These massive endangered whales keep dying off the coast of Canada and the U.S.

Sixteen whales have died in only five months, and scientists are calling for action

by Hilary Beaumont
Oct 24 2017, 12:12pm

In the span of five months, sixteen right whales have been found dead off the east coast of Canada and the U.S.

And scientists believe human activity is the likely culprit.

It’s a huge deal for the critically endangered species that has a population of only 500, and it’s raising new, urgent questions for scientists, fishermen and Indigenous people who want to save the whales.

The latest whale was found dead on Nashawena Island, near Cape Cod, according to a statement from the International Fund for Animal Welfare published late on Monday.

“The news of the most recent animal has just started to come in,” Tonya Wimmer, Director of the Marine Animal Response Society, told VICE News.

Scientists will be examining the whale to find the cause of death, Wimmer said over the phone from Halifax, Nova Scotia during a break at an international whale conference.

Almost 1,800 whale enthusiasts and scientists from about 70 countries have descended upon the east coast city to talk about marine mammal conservation, and everyone seems to be talking about the right whale deaths, she said.

Scientists have performed necropsies — whale autopsies — on a handful of the whale corpses, and have concluded that boat strikes and fishing gear entanglement are to blame for the deaths.

“We’re looking at animals that are sadly dead because of human activity.”

“Some did die because of blunt trauma, likely due to vessel collisions, and we also have a couple that were entangled in fishing gear,” Wimmer said. “We’re looking at animals that are sadly dead because of human activity.”

Over the last few years, there have been reports of more right whales flocking to the Gulf of St. Lawrence, a body of water sandwiched between Nova Scotia, New Brunswick and Newfoundland at the mouth of the Atlantic Ocean, possibly in search of food, Wimmer explained. The Gulf was a historic right whale habitat before whalers hunted the species to the brink of extinction.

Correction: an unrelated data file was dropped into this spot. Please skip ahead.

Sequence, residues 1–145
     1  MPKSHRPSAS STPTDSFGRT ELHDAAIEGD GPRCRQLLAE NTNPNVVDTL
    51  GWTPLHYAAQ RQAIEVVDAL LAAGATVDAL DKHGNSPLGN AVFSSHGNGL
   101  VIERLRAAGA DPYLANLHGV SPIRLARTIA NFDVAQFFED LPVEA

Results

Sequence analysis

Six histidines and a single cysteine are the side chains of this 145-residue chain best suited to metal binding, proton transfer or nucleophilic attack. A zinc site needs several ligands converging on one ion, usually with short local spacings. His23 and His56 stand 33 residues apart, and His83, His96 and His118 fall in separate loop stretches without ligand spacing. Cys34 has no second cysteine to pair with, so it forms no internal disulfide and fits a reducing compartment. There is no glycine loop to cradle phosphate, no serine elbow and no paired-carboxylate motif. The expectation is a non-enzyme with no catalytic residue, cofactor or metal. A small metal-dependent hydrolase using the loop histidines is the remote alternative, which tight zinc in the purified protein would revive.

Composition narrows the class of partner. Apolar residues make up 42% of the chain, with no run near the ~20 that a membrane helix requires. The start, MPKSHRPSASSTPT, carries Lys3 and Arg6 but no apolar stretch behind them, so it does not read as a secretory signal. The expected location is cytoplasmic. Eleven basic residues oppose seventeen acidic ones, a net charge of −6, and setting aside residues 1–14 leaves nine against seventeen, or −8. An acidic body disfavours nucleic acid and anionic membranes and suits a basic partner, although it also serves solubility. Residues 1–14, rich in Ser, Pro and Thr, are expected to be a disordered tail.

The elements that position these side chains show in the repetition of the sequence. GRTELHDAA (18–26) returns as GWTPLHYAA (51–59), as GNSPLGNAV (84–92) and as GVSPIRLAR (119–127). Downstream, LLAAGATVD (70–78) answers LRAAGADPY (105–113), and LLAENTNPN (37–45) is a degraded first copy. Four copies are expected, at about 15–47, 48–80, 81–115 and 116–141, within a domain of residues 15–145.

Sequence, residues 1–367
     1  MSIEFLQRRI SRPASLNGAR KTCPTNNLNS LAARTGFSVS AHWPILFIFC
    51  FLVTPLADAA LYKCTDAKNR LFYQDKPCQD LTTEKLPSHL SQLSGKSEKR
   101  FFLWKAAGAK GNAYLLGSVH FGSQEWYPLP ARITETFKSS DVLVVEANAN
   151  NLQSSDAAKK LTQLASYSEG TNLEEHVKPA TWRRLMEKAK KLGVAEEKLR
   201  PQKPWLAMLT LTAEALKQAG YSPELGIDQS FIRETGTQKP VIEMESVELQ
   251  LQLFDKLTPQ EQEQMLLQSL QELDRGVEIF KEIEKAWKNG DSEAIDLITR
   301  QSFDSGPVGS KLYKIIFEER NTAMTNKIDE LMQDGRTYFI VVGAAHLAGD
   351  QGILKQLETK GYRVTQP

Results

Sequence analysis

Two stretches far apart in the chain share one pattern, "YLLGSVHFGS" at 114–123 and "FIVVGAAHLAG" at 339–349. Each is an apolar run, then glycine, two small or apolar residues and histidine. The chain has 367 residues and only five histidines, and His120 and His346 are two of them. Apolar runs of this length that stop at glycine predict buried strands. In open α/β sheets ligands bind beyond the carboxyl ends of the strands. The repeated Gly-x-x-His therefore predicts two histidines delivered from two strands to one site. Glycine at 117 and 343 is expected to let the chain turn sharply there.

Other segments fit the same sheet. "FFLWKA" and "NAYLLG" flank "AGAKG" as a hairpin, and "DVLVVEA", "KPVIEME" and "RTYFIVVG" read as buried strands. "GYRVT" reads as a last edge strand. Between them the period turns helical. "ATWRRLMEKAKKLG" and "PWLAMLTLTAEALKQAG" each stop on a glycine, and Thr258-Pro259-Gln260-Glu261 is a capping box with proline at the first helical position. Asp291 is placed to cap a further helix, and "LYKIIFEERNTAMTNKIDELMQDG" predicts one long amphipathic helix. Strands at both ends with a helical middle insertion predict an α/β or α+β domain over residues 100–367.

This year feels like a “perfect storm” for whale deaths, Wimmer scientist said, as more animals swimming into the Gulf of St Lawrence and “a lot of activities from both boats and fishing gear… all came together, sadly, at the wrong time.”

This sixteenth death has set off a “red flag”, said the scientist, and it’s “a symbol for something really imbalanced in how we use the oceans.”

Despite the concern, scientists who are monitoring the situation aren’t sure what to do about it now as the dwindling right whale population sits “so precariously on the edge.”

“Something very urgent needs to happen”

Government officials, conservation groups, Indigenous people and scientists will gather in Moncton, New Brunswick in early November to try and hammer out a new strategy for preserving the whales, Wimmer said.

“Something absolutely must be done, and now,” she said. “It’s not that we can sit and plan for it for another five or six years.”

climate change
endangered species
right whale
specie degradation